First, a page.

The significant spikes and dips in healthcare wages seen in early to mid-2021 didn’t plague Houston towards the end of the year, likely due to COVID-19 cases finally leveling off. Between September and December 2021, Houston healthcare wages remained essentially unchanged. The city had an average weekly pay rate of $1,758 in September compared to $1,764 in December, a difference of only about 0.35%. However, this steady trend in Houston wages changed in January when a tremendous surge in COVID-19 cases hit the Greater Houston area and the entire Lonestar State. Houston healthcare wages during the first quarter of 2022 experienced a lot more movement compared to the close of 2021.
Growth of Houston Perm Nurses
Texas is second only to California in the highest employment of registered nurses among states. According to the Bureau of Labor Statistics, the state employed 217,630 RNs in May 2021. Houston is the most populous city in Texas. With more than 2.3 million residents, it’s no surprise the city has posted some extremely high COVID-19 case numbers throughout the pandemic. Along with higher case numbers comes an even higher demand for nurses, often driving higher wages to attract permanent staff.
The Houston metro had the seventh-highest employment of nurses among metro areas nationwide, with 54,540 RNs employed during this same period. Despite its high number of staff nurses, Houston still suffered staff shortages during the pandemic, as did most areas across the country. One study projects Texas will fall short in nurse supply and demand to keep up with growing need for perm nurses, Houston healthcare systems must find ways to grow their staff.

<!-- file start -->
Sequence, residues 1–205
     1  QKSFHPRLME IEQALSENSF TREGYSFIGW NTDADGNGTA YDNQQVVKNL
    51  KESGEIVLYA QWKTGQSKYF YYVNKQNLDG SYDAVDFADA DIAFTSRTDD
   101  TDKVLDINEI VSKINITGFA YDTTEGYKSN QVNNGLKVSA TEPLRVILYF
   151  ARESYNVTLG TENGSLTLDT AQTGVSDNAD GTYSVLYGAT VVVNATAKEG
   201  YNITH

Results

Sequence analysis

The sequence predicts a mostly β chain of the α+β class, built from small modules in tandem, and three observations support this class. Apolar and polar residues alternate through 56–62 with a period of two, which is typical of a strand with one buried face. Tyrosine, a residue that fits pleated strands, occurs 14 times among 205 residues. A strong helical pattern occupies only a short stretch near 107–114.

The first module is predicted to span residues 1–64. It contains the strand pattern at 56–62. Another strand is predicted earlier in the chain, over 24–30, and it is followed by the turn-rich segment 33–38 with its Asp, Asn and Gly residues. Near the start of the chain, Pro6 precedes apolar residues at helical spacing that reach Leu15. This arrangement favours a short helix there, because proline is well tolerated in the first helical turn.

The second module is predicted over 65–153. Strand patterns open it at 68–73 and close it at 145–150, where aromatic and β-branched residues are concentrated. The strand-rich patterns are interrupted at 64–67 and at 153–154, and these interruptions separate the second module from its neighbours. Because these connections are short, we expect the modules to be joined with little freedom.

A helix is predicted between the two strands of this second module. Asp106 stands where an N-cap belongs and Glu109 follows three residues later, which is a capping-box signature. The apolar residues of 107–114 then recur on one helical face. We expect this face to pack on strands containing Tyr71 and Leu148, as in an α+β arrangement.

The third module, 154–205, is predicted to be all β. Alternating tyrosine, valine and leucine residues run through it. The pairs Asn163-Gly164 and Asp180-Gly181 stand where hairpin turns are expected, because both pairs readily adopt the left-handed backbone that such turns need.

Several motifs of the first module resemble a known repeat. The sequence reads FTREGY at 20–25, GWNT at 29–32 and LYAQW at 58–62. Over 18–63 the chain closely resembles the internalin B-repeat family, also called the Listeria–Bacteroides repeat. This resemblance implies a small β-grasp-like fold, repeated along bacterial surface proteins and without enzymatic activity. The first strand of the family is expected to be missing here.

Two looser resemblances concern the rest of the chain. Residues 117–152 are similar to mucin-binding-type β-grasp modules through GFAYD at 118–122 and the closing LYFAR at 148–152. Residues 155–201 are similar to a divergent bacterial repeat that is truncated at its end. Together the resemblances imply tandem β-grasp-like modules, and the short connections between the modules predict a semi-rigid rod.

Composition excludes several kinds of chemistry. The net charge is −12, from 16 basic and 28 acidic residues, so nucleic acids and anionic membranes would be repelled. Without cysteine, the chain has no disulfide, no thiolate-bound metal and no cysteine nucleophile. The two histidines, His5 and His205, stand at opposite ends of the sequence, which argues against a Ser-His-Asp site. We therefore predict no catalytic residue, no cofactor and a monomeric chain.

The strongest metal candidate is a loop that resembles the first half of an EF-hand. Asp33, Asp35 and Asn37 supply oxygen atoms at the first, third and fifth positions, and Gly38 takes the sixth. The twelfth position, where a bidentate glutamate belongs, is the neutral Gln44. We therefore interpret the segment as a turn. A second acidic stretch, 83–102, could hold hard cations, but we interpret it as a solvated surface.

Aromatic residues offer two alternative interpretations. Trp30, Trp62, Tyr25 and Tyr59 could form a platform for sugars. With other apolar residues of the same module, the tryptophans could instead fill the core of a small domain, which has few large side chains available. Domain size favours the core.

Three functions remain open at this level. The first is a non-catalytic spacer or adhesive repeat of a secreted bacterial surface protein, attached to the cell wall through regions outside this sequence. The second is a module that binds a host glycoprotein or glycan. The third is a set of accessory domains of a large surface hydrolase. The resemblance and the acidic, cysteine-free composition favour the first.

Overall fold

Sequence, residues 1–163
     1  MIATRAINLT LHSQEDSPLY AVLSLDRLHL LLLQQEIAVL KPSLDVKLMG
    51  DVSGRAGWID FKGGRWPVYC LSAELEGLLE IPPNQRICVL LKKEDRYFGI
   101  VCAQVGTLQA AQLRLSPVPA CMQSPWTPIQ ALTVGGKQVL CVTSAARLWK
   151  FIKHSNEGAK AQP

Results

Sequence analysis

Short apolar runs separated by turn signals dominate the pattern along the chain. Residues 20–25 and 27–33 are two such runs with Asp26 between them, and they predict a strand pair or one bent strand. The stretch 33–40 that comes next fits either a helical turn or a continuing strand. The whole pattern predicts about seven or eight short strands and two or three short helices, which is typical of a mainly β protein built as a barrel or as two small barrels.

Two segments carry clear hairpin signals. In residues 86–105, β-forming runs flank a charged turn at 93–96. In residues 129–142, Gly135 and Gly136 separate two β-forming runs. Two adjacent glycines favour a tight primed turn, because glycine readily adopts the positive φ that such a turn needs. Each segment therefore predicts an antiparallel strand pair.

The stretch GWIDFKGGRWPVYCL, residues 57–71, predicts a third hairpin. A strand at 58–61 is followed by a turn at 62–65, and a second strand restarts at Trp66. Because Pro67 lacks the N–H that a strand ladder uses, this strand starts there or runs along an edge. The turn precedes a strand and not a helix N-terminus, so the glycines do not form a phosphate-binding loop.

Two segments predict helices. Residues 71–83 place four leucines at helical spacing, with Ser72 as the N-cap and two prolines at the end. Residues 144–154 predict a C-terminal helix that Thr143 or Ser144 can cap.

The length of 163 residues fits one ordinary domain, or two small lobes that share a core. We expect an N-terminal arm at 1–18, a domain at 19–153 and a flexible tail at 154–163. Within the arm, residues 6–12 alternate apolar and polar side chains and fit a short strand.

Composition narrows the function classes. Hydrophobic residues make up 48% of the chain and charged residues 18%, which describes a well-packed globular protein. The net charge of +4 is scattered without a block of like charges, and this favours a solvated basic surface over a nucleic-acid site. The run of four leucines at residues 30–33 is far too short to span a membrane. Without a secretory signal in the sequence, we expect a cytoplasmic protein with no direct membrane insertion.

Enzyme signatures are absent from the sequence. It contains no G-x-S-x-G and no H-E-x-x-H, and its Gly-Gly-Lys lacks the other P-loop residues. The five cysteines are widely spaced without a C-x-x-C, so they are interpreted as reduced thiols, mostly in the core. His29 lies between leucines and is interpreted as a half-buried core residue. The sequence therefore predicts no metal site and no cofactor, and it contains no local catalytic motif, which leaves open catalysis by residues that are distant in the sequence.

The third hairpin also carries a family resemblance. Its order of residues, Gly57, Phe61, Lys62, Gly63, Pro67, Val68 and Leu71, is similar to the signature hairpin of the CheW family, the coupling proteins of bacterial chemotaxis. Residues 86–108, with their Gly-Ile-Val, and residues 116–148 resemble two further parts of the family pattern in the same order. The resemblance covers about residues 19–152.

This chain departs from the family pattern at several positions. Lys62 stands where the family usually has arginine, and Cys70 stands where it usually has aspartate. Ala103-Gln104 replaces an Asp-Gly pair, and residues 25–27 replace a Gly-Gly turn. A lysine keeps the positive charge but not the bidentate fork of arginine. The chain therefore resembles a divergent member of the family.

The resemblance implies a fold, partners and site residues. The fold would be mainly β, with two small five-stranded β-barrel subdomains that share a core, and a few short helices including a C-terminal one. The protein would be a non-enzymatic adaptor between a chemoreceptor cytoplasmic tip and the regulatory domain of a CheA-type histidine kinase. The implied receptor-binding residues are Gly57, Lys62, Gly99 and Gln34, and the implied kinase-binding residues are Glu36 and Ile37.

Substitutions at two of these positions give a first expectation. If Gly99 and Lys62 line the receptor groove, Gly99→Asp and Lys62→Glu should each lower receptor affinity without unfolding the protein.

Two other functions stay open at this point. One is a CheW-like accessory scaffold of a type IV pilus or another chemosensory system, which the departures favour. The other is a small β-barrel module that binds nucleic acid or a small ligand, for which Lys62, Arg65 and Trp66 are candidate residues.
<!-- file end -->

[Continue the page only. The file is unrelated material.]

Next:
Trends in Houston Healthcare Wages
By the end of 2021, Houston had surpassed 300,000 COVID-19 cases, just days after the highly contagious Omicron variant hurdled Delta cases to become the dominant variant. With cases on the rise and wages typically following the ups and downs of the coronavirus, it’s predictable that Houston wages began rising along with COVID. Average weekly wages at the end of 2021 were $1,764. By the end of the first quarter of 2022, wages had risen to $1,955.
- During the first full week of January, the Greater Houston area reported a weekly average of 13,555 new COVID-19 positive cases daily. Along with the surge of COVID-19 cases, Houston saw its first spike in wages since the 2.8% increase recorded in September of 2021. Wages in January jumped by 5.9% in Houston. January 2022 had the highest number of average cases during any single month of the entire pandemic. It was a worrisome month for Houston hospitals, not because they feared running out of beds but because they might not have enough staff with so many out sick.
- By the first week in February, the weekly average of new COVID-19 positive cases had dropped to 3,885 and continued to drop throughout the month. Despite cases falling to 672 by the end of February, Houston wages jumped another 3.6% for the month. However, statewide wage trends in February saw Texas healthcare pay rates drop by 5% overall.